Recognizing and adjusting…

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Mentally and emotionally, I feel hung over.

The last couple of weeks have been challenging, but I feel like I am finally making good progress in my climb out of the valley of depression. Getting my sleep figured out has definitely been helping. The last couple of days especially, I’ve been feeling much more balanced, though extremely fatigued.

I feel like I’m at the point in my depressive episode cycle where my brain is starting to finally slow down, and my body is following suit. With how busy I was in March, I was pushed mentally and physically. The only problem is, when I started slowing, physically I was able to, but mentally my brain was still racing, cycling through variations of “I’m not good enough” and “why am I trying?”

Sadly, once I start recovering, my brain usually lags a few days behind my body, hence my moods and emotions being all over the place. As I move out of the depressive episode, I always feel mentally and physically trashed. The fact I am feeling it right now is a good thing, because it means I’m moving beyond the episode. Surprisingly, I did so without needing significant medical intervention, though the emergency doctor was good enough to help out with sleep medications.

Three or four years ago, an episode like this would have easily landed me in hospital. Now, I recognize as I cycle, and am able to make accommodations for it, getting in front of things before they get too far out of hand. I’m recognizing the stages, the commonalities, of my symptoms each time, and instead of getting as distressed as I used to, I’m finding I’m able to cope better.

Don’t get me wrong. These experiences are still mentally painful. They are mentally draining. I wouldn’t wish the experience on my worst enemy.

It’s easy to find reasons to get down on myself. I haven’t been shooting in months. I haven’t done any creative writing in even longer. The house is a mess, and budgets are tight. There is no shortage of things to be stressed about. Believe me, I feel each and every one.

My problem is, in the past I would get myself worn out and let the stresses build up. It would paralyze me with indecision and fear. My mental health symptoms would be triggered, and my moods would crash. I would fall into self-harm and feeling suicidal.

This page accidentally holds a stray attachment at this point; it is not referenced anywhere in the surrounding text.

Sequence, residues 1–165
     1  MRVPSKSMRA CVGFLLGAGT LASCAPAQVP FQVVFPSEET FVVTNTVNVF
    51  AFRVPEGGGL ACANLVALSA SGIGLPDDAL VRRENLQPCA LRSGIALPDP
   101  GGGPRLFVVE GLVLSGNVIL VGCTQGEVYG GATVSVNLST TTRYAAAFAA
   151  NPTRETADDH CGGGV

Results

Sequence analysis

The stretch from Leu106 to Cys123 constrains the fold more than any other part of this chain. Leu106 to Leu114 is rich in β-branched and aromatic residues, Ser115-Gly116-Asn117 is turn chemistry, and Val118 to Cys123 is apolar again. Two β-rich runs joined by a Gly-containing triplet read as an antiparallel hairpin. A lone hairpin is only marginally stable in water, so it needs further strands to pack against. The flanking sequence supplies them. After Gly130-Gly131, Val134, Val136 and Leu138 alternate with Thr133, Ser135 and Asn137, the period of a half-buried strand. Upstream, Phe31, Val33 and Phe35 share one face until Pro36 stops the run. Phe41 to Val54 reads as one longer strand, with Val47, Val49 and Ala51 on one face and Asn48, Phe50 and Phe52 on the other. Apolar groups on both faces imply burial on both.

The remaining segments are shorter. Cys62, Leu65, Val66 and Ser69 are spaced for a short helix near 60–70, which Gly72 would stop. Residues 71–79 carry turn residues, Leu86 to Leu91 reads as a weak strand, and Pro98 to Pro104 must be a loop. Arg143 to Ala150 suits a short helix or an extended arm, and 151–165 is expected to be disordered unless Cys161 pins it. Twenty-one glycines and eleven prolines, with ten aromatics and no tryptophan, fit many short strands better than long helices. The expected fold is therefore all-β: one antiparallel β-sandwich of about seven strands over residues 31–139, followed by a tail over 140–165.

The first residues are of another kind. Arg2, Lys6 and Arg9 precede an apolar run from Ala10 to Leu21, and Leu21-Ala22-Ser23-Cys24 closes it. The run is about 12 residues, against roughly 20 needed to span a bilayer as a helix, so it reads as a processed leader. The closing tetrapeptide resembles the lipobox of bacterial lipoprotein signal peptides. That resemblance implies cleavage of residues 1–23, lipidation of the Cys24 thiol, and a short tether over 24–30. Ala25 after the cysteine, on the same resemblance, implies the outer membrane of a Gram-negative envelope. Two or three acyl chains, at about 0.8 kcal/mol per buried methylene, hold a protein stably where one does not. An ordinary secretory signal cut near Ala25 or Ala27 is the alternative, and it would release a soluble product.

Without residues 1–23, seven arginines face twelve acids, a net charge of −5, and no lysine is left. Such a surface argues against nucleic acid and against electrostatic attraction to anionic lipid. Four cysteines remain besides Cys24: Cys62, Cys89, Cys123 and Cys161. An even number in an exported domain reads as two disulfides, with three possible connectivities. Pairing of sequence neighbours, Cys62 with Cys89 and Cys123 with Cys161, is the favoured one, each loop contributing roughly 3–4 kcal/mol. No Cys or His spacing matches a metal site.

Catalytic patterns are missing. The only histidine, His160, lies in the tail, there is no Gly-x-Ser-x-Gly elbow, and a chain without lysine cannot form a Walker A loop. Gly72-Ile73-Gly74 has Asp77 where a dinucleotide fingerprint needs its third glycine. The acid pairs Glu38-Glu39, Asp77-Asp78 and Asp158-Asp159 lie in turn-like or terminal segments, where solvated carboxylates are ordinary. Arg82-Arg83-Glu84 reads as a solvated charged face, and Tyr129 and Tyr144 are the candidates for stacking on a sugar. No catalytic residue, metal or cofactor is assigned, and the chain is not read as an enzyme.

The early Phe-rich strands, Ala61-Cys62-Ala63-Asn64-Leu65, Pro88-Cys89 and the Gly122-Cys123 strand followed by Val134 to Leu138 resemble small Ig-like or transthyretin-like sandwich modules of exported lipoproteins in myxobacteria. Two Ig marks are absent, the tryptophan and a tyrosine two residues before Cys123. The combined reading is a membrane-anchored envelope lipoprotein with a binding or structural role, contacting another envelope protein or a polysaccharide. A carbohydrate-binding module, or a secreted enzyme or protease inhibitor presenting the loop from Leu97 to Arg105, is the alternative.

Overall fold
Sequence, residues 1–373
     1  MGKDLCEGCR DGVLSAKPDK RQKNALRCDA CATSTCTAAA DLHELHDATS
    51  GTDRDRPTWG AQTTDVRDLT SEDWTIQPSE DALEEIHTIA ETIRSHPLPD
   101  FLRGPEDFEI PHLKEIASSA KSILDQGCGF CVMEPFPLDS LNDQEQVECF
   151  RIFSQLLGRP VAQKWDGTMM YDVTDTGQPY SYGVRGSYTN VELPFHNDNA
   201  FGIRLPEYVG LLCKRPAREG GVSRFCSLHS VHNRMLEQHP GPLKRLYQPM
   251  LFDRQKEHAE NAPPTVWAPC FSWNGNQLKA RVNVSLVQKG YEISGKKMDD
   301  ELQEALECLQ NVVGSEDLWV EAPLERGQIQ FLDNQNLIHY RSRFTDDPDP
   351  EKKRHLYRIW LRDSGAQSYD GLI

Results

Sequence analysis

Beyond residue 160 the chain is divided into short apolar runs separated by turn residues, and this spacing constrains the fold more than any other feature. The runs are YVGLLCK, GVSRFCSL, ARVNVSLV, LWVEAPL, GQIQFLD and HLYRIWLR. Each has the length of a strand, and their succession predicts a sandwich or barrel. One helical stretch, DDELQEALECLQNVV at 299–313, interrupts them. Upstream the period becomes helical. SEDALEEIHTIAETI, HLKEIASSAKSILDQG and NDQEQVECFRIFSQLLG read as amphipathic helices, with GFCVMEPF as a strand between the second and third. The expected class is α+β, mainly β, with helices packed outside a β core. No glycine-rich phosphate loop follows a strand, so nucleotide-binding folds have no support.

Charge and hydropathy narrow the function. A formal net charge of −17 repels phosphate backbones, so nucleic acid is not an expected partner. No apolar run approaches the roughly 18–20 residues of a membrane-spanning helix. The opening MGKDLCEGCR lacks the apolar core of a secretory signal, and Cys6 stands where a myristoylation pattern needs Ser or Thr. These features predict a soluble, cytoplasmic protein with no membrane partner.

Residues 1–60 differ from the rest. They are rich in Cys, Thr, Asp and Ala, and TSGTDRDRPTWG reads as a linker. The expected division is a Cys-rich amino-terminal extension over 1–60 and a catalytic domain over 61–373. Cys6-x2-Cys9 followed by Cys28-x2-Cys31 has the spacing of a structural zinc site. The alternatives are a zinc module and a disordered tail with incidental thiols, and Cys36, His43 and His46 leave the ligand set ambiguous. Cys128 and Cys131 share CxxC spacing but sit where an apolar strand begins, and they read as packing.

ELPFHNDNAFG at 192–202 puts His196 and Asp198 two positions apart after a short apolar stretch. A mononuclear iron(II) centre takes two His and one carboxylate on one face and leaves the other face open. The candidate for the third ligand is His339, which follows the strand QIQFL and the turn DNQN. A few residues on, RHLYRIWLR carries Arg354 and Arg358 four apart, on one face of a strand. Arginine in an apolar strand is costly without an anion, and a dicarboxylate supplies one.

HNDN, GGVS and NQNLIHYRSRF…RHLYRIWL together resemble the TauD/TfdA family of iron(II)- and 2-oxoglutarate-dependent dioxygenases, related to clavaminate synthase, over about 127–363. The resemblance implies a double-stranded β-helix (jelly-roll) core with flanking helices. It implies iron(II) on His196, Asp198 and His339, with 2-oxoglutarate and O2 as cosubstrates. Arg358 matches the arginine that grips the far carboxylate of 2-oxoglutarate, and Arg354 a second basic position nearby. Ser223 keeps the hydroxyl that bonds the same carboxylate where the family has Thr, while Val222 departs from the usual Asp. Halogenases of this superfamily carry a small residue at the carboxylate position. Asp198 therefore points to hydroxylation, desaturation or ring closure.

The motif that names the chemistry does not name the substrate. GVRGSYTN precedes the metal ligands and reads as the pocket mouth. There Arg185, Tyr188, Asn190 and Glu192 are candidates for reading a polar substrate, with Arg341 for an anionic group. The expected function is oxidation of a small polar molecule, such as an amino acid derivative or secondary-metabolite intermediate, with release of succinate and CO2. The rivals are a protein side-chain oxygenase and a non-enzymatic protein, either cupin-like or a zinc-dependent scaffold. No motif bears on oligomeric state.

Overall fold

What’s changed?

A lot actually.

My perspective has changed.

I still feel stressed, and my moods definitely are all over the place at times, but I recognize the feelings. I recognize the stages my body goes through as it goes through an episode. Recognizing the symptoms takes their power away. There’s a difference between having the thoughts, and acting on them.

It doesn’t take the stress away, but how I handle it is different. I spend some time gaming. I walk the dogs. Plus, I have work and school keeping me amply busy.

Something else I am coming to realize is, like it or not, I do deal with SIGNIFICANT mental health issues. I have four separate diagnoses. Being inside my head is not a fun place on a good day, let alone a bad one. I am not neurotypical.

What does that mean?

In short, I am more susceptible to these episodes. There are things I have to do to keep them at bay. Things such as making sure I get proper sleep and exercise. I also need to recognize the fact that it’s not a matter of If they will happen, but when. I need to be able to recognize the symptoms so I can ride out the accompanying storms. To that end, I am making significant progress.

Those changes come down to small changes.

Going to bed earlier, making sure I get my rest. Making sure I take my meds. Creating time to spend with Lynn. Make some time to get back into my creative writing.

Just because I deal with the mental health issues that I do doesn’t mean I am out of the race. I just have to play by slightly different rules.

Kevin

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